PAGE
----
Last month marked the 10th year (on 19 March 2003 to be exact) since the US-led invasion of Iraq, also known as the Iraq War. This is a war that has cost (for the United States at least) up to three trillion dollars and at least 190,000 deaths – military, ‘contractor’, and civilian(*).
Here is a selection of articles giving a broad overview of reflections.
Leading up to it, James Fallows of The Atlantic magazine ruminates on his initial and consistent opposition (good man!) to the George W. Bush administration’s and neo-conservatives’ folly. Fallows gives a seven-point commentary.
American academic and foreign policy wonk Daniel Drezner does some (perhaps necessary) navel-gazing about how US foreign policy has been affected since 19 March 2003. He has backed off from his initial support of the invasion, but still not repentant regarding the use of force – to achieve security, democracy, or whatever else. Does this then not make him a ‘chickenhawk‘?
And for the love of the gods, Dan, please stop using the phrase ‘Operation Iraqi Freedom’. Oh look here, a ‘spade’! I call it what it really was – an INVASION. Of another sovereign state.
Where the neo-conservatives are not mentioned…
Former Ronald Reagan staffer, Republican, and Wall Street Journal columnist Peggy Noonan does even more navel-gazing about how the invasion has affected the US Republican Party. (Why do I say ‘navel-gazing’? Hint: No mention of the neo-conservative ‘wing’ – any one of them – and their role, anywhere. Yes, exactly.)
…And where they are
International relations scholar Robert Kelly posits a neo-con ‘theory’ (of international relations or otherwise) behind their justification of the war. Bear in mind that he’s not trying to justify it from their point of view, but rather to come up with a plausible explanation why they pushed so hard for war – and got it.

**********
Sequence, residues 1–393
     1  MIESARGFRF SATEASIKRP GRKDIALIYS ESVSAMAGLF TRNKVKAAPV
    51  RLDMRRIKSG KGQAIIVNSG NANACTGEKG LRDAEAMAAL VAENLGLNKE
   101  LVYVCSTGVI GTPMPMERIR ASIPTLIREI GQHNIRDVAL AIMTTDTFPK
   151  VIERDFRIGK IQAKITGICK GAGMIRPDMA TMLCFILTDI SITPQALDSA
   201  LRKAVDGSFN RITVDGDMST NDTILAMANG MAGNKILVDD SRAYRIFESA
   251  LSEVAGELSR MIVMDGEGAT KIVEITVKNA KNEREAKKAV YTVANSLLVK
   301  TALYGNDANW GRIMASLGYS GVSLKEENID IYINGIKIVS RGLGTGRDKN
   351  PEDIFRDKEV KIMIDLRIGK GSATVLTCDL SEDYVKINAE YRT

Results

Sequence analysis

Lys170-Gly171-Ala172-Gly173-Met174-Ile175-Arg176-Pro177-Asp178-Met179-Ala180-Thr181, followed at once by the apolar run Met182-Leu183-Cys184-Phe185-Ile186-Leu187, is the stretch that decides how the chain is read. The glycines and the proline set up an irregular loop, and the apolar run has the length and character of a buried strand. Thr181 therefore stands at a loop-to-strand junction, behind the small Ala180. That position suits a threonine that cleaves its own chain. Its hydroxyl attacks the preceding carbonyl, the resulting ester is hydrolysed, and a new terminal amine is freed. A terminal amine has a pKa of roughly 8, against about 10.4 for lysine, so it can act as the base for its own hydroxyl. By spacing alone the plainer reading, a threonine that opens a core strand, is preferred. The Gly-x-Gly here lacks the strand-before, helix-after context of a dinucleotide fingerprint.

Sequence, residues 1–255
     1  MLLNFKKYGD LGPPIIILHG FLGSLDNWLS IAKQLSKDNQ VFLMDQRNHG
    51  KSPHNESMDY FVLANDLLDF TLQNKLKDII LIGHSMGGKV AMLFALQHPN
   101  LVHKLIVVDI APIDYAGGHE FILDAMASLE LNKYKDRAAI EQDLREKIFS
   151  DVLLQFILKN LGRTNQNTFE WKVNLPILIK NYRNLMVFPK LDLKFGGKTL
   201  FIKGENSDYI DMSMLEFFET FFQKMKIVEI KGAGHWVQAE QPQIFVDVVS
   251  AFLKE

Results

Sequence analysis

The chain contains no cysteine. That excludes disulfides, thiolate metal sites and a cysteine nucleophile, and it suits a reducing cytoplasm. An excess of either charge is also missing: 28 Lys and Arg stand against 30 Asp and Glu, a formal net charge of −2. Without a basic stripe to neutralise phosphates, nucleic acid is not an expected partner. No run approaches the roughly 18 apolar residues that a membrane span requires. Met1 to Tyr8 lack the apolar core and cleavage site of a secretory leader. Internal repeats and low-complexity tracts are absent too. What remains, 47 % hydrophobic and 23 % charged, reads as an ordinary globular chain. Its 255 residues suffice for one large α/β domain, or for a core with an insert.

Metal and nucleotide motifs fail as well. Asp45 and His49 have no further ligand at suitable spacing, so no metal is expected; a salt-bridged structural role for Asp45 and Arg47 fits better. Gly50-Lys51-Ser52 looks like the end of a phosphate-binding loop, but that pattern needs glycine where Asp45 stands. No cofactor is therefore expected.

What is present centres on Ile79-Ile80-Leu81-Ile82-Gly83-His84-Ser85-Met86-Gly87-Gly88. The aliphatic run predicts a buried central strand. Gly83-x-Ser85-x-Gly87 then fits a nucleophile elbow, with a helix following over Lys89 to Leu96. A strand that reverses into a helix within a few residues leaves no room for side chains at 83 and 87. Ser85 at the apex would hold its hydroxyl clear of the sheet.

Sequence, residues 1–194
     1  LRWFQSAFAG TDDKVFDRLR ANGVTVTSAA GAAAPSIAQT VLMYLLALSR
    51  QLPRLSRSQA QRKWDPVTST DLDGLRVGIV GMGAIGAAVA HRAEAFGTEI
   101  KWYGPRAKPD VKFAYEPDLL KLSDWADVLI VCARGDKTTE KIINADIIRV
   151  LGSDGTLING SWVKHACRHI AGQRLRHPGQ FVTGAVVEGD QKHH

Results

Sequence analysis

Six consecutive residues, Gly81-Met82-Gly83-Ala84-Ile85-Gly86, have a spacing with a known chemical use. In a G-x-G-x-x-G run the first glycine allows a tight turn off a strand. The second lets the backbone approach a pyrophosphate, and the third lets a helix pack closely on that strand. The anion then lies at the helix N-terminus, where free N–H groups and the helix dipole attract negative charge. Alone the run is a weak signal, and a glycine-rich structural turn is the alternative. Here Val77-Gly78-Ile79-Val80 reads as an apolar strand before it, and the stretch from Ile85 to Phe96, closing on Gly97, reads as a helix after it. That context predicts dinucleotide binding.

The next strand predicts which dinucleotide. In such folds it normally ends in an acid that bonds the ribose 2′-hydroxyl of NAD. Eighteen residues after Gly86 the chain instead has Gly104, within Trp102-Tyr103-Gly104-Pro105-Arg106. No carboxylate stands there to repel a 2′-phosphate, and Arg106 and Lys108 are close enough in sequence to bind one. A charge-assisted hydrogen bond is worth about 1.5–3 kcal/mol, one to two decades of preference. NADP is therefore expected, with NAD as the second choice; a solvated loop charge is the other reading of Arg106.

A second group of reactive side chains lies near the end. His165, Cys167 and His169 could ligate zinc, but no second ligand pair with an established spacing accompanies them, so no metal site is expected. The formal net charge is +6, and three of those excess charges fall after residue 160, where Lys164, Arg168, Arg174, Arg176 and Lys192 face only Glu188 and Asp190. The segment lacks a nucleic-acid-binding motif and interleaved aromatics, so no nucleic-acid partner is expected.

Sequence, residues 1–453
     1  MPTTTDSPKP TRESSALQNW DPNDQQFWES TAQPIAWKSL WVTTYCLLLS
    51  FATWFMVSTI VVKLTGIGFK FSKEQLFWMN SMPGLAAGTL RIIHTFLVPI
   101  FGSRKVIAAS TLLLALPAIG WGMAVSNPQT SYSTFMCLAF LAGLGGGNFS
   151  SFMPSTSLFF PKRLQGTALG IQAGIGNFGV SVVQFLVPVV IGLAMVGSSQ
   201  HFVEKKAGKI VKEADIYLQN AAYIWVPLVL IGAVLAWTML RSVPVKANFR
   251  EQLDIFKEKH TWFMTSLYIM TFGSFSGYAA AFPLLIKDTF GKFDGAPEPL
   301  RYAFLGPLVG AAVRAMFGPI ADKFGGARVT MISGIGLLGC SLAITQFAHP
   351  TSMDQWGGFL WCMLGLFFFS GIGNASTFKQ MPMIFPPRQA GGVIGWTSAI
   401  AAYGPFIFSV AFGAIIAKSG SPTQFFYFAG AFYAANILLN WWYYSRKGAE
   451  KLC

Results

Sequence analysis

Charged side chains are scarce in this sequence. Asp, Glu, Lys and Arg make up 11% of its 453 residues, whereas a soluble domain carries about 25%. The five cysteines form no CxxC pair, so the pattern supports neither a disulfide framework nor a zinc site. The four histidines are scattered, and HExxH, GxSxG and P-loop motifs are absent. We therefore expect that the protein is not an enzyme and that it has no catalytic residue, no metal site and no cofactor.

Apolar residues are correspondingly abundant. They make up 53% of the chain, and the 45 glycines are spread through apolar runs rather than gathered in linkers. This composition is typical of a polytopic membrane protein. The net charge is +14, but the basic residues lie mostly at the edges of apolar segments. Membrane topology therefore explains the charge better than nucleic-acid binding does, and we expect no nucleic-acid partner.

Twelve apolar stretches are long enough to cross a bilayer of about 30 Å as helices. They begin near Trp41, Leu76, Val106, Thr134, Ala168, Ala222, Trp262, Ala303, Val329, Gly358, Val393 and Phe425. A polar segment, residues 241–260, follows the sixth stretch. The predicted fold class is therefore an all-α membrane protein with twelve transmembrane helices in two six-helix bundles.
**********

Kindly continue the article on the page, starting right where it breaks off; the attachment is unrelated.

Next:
Personally, I think any such theories are hogwash, flawed to the point of ridiculousness. There are theories and ideologies that are appropriate for certain times, and others that are not. The ‘justifications’ for invading Iraq – including from the so-called liberal
imperialists interventionists – belong to the latter category.
In the meantime, from author and former US State Department employee Peter Van Buren: the World’s. Largest. Embassy. Ever. will soon stand largely empty.
Taylor Marvin ruminates about learning The Wrong Lessons from Iraq.
Daniel Nexon goes more ‘macro’ into IR theory to discuss the over-arching cause of war between as a form of classic ‘interstate rivalry‘ and explores its specific dynamics.
John B. Judis reflects on what it was like to oppose the Iraq invasion in 2003, giving emphasis on the media and perceived credibility of political figures (hint: NOT George W. Bush).
There is also the US failure in Afghanistan, as seen by Stephen Walt. David Rothkopf contemplates the lessons learnt there and in Iraq, while Paul Rogers observes more broadly the ‘war on terror’ and the West’s inability to eliminate violent conflict [The US seems to be able to eliminate lots of human beings, though. I guess that’s why they think they’re ‘an exceptional nation’. – Ed.] (I’m kidding! There’s no ‘Editor’ for this blog.)
And a little blast from the past: Ghassan Michel Rubeiz wrote this in the run-up to the 2008 US presidential elections (Remember that one? Where’s the Hope and Change now?):